INTO THE LION'S DEN
Book of Daniel, part 8
Daniel 6: Four Moves
- The Trap Set (1-9)
- The Trap Sprung (10-15)
- Into the Lions Den (16-24)
- Darius Praises God (25-28)
The New Administration
- Oct. 29, 539 B.C. Cyrus the Great assumes rule of Babylon - Babylon is no longer in control. The line of Nebuchadnezzar is over.
- Captivity of Judah ends
- Darius the Mede is either ...
- Cyrus II (559 529 BC) - It could be Cyrus the Persian (the Great) who conquered the Median empire during his rule. He might have taken the name Darius as his Median title.
- Darius I (522 485 BC) - It could be Darius I who did organize the kingdom into provinces (satraps) ruled by officials. He was also a worshipper of Ahura Mazda, a Zoroastrian.
- The Persian rulers recognize Daniels wisdom
- He rises to high position
- This is good for all except Daniels rivals
- They conspire to do away with Daniel
Law of the Medes and Persians
- The trick of the irrevocable law
- Darius is duped
- Daniels civil disobedience
- The Law of the Medes and Persians is now in a contest with Gods Law.
Hope and Prayer
- Why does Daniel have to pray?
- He is praying toward Jerusalem Now that the Jews are free to return home he is praying for the restoration of Jerusalem and the homeland. Allowing the Jews to return is simple. Actually working to make it happen will be a massive undertaking.
- Jerusalem represents hope and the future When the scheming counselors take away Daniels time of prayer, they are robbing him of his hope and future. Daniel will not allow them to take it away.
Into the Lions Den
- Darius prays for God to save Daniel
- The den is sealed with a stone
- We are not allowed in the den
- The story follows the anxious king from night to morning King Darius is the dramatic figure in this story, not Daniel. Daniel is fine. He is content. Darius is conflicted and anxious.
We have no indication of what happened in the lions den except for Daniels comment afterward. Nevertheless, artists have tried to depict the interior of the den with varying views ...
I'm not sure from where this picture came. It looks like a petting zoo. The lions seem friendly.
This is straight from Sunday School of yesteryear. Notice the lovely, feminine angel. Daniel is so young.
This is a well known portrait by Rubens from the early 17th century. This is as much a study in anatomy as it is anything else. Notice the musculature painted on the lions and Daniel.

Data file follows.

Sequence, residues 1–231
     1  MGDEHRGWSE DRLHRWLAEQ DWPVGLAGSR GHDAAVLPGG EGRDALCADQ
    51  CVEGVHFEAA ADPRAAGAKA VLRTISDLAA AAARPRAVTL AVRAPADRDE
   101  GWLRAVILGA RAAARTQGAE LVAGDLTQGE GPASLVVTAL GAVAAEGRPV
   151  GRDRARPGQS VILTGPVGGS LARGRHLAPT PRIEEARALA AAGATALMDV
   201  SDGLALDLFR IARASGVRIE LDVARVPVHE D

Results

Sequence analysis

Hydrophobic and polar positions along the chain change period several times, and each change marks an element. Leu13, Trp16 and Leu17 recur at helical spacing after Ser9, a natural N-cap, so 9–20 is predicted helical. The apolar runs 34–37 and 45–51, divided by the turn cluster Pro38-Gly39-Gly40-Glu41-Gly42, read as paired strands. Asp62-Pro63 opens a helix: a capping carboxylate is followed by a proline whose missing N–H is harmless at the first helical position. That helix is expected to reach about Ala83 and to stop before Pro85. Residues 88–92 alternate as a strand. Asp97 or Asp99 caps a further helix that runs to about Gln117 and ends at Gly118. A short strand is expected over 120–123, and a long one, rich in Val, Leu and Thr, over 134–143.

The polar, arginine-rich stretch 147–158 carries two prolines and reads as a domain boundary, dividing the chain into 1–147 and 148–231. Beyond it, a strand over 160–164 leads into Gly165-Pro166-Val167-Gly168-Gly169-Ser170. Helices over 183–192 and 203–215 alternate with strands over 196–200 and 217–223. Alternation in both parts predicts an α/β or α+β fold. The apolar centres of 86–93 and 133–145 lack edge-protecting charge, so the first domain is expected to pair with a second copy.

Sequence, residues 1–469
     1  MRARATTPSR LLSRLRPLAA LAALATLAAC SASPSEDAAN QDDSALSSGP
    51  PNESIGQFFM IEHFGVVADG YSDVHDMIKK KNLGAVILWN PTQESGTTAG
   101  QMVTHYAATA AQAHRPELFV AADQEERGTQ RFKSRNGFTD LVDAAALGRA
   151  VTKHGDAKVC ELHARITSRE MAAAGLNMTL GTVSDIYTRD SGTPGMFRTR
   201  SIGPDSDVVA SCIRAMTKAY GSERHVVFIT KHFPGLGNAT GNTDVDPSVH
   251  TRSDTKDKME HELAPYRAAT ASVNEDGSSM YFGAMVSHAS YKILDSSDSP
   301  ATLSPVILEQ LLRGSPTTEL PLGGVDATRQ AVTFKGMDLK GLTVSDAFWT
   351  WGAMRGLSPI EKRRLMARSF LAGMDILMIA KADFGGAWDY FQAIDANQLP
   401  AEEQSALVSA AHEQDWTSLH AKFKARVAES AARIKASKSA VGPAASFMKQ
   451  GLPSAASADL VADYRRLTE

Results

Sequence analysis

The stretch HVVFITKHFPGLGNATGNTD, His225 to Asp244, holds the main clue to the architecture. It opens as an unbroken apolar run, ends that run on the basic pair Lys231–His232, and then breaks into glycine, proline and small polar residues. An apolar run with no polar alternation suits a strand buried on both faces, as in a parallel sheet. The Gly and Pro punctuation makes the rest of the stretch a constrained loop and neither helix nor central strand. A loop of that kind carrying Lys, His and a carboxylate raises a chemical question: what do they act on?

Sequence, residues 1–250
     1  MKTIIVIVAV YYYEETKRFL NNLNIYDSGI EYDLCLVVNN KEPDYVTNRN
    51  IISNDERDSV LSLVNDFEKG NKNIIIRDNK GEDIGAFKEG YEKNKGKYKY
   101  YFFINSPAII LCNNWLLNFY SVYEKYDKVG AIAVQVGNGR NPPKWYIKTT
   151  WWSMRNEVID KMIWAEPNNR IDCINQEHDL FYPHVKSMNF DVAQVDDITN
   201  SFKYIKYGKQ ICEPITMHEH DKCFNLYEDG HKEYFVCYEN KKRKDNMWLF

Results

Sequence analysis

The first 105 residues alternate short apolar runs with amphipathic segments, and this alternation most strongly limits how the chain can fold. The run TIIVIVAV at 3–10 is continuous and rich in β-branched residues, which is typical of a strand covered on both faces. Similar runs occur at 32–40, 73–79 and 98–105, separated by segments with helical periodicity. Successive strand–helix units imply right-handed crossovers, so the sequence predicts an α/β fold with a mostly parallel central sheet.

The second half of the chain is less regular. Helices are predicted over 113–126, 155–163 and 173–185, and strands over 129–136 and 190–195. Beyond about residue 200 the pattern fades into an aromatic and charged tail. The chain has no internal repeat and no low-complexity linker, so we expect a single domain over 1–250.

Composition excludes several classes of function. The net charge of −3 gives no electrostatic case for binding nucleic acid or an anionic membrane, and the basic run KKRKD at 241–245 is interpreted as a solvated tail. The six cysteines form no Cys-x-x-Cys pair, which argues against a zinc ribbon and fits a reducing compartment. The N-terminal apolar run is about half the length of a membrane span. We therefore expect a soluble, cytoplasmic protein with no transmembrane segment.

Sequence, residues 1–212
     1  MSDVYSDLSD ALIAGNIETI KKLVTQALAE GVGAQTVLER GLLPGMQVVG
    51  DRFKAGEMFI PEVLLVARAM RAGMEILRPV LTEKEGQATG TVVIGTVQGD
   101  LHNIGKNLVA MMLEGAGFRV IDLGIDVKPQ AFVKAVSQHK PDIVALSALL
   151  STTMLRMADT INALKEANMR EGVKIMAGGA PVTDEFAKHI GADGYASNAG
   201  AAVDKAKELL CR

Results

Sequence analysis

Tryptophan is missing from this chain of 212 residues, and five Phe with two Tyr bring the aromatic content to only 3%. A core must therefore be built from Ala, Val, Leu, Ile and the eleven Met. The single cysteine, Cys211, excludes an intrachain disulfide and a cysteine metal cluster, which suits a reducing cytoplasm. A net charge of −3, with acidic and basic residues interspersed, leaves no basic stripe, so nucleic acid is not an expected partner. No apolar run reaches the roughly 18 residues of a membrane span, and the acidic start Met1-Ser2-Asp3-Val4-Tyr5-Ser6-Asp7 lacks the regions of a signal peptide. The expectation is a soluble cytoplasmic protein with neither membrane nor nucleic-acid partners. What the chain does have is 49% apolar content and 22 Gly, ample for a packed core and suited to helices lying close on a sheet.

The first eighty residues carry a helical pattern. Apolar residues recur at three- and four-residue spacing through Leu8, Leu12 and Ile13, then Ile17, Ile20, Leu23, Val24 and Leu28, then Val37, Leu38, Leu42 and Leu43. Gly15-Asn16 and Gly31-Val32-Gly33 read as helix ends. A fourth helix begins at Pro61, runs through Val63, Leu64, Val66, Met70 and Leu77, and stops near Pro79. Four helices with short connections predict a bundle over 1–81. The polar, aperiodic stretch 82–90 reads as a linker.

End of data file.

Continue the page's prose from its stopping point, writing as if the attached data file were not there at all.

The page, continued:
This portrait has very Christological themes. See the skull at the bottom border and the blood red cloth.
Daniel looks scared and begging.
The artist for these next two paintings is Briton Rivière (1840-1920). What I like about Rivières painting: Daniel is old. The lions are kept at bay by an invisible force.
Daniel turns his back on the lions. He is at peace. Either God will spare him, or he will die. Daniel looks up into the light. It demonstrates hope.
Darius Pays Attention
- He gets Daniel out - By drawing Daniel out he is changing the law of the Medes and Persians. He is acknowledging a higher law
- He punishes the conspirators (and their families)
- He issues a decree calling his kingdom to reverence God
- He praises God!
- God can change and challenge what we consider unchanging - We often dont give God enough credit. We have to be bold enough to accept that God can do what he wills. We tend to think that the Law of the Medes and Persians is the way it always must be. We let people suffer because we are too afraid to follow God rather than the way it has always been done.
- Civil disobedience Civil disobedience doesnt make much sense if you are the group in power. But when you are persecuted it is all you have. Daniel is the best public servant. He has done no wrong by honoring God. He is persecuted for it. The law is organized against him. He proceeds faithfully and without anxiety. How useful is that to us in a day and age when we grow anxious because Christian faith seems to be losing privilege. Let them change the laws. It shouldnt sweat us. We dont have to fight. (Daniel did nothing wrong or disruptive) We can protest and exercise our rights within the law but above all else LETS KEEP OUR FAITH. For instance, they can take the 10 commandments out of the courthouse and school, but they cannot take it out of our hearts!
- The power to kill vs. the power to save/give life. Darius and the irrevocable law of the Medes and Persians has the illusion of final authority because it has the power to kill and destroy. That seems so final. But God alone has the power to preserve and make life. No king on earth has that power. No power or authority on earth can claim that.
West-Ark Church of Christ, Fort Smith, AR
Evening Sermon, 15 July 2007
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